Is it misleading to market your product as "wasabi peas" if the product isn't made with wasabi?  Surprisingly, that was the issue in a recent case in federal court in California.  (H/t Rebecca Tushnet.)  Even more surprising, perhaps, is the answer. 

JFC International and Hapi Foods both sell products called "wasabi peas."  Their products -- and almost all other "wasabi" products sold in North America -- are not made with wasabi (wasabia japonica), but are in fact made with horseradish (amoracia rusticana).  As you might expect, a class action complaint was filed, alleging that the plaintiffs were misled by the product packaging that claimed not only that the peas were "wasabi peas," but that they were "wasabi coated green peas." 

Apparently, the reason companies use horseradish (and green dye!), rather than wasabi, is that wasabi is expensive (as much as $113 per pound) and horseradish is not (only about $6 per pound).  

The defendants moved to dismiss, arguing lack of subject matter jurisdiction and failure to state a claim.  And the court agreed.  While some of the issues can be traced to deficiencies in how the case was plead, the court did reach some interesting (and, perhaps, eye-watering) conclusions.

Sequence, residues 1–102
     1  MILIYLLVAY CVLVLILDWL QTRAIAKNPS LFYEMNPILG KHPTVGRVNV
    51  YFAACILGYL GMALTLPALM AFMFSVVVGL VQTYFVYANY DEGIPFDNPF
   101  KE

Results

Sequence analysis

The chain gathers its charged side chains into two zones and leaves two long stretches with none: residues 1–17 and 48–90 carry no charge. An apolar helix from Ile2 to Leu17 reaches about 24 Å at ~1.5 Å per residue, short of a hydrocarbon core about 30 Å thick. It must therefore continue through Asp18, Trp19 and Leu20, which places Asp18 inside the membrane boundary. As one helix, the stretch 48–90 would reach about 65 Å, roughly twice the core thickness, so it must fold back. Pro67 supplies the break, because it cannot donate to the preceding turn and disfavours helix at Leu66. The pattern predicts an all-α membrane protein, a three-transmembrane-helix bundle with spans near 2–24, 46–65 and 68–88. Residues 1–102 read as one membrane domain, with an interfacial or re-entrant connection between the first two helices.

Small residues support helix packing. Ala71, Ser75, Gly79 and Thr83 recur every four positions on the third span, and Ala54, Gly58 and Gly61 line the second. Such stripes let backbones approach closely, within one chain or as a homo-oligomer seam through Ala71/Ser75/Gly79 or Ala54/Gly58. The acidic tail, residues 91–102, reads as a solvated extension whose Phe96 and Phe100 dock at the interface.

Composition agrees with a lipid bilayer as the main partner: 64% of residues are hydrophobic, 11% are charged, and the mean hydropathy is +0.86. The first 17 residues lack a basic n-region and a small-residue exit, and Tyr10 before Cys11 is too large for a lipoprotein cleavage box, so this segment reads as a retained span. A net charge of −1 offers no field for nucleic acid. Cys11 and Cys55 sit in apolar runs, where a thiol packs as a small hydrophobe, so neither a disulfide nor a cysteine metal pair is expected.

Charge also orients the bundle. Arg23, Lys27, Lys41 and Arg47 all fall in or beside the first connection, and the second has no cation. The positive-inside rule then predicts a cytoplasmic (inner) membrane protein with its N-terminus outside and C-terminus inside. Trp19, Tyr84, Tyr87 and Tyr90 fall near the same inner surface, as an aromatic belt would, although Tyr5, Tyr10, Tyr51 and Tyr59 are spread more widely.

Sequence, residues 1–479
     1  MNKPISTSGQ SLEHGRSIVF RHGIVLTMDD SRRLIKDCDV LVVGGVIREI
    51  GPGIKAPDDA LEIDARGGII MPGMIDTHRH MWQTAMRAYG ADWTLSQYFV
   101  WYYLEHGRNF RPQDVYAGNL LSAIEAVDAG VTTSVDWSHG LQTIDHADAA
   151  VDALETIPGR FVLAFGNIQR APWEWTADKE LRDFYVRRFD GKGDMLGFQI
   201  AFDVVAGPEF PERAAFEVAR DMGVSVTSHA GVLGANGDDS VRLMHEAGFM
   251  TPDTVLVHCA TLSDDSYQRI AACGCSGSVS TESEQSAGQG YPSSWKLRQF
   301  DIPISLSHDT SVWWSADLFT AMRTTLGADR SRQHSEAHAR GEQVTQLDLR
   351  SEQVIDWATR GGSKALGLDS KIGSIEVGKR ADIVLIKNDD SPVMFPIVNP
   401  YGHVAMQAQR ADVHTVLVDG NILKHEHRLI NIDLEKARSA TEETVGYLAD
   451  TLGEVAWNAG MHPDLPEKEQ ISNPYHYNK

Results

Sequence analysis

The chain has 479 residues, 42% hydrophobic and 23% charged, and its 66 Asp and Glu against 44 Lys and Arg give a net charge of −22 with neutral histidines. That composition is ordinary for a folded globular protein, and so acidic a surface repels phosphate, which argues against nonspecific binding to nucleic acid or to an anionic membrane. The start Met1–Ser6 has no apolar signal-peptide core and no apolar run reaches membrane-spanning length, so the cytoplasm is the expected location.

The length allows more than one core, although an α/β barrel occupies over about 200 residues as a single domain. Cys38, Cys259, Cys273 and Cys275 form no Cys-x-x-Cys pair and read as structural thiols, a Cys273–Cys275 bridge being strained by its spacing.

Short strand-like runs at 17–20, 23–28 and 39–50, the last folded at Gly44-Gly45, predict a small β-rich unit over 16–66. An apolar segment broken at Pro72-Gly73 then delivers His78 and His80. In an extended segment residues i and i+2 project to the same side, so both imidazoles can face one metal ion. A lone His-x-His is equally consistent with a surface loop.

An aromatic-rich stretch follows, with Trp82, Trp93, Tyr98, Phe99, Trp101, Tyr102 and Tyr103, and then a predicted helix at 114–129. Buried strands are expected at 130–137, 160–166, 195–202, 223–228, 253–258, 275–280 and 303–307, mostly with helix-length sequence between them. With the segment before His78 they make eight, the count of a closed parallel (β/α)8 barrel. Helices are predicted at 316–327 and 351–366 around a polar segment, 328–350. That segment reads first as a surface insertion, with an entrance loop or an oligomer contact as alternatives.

First, the court seems to say that since most "wasabi" products -- including any others that the plaintiffs are likely to buy -- are actually made with horseradish, the plaintiffs failed to establish they were injured by buying the defendants' products in particular.  In other words, you can't argue that you were damaged because you chose these, as opposed to others, since you weren't getting actual wasabi no matter what. 

Second, the court also concluded that, because "wasabi" products are generally made from horseradish, the plaintiffs must have known that that "wasabi coated" actually meant "horseradish coated." 

Third, the court dismissed the notion of a "reasonable consumer" standard here and, instead, looked to the fact that the plaintiffs said that they had reviewed the packaging prior to purchasing it.  The court said that, if they reviewed the packaging, they must have seen the ingredient list on the back, which didn't include wasabi, but did include horseradish and green food coloring. 

Perhaps one useful thing to take away from this decision is that, when interpreting advertising claims, it's important to consider the context in which the claims are made, which can certainly include consumers' prior experiences with the product and those claims.  Another useful thing to take away is that, if you want actual wasabi in your wasabi peas, you'd better check the ingredient list before you buy.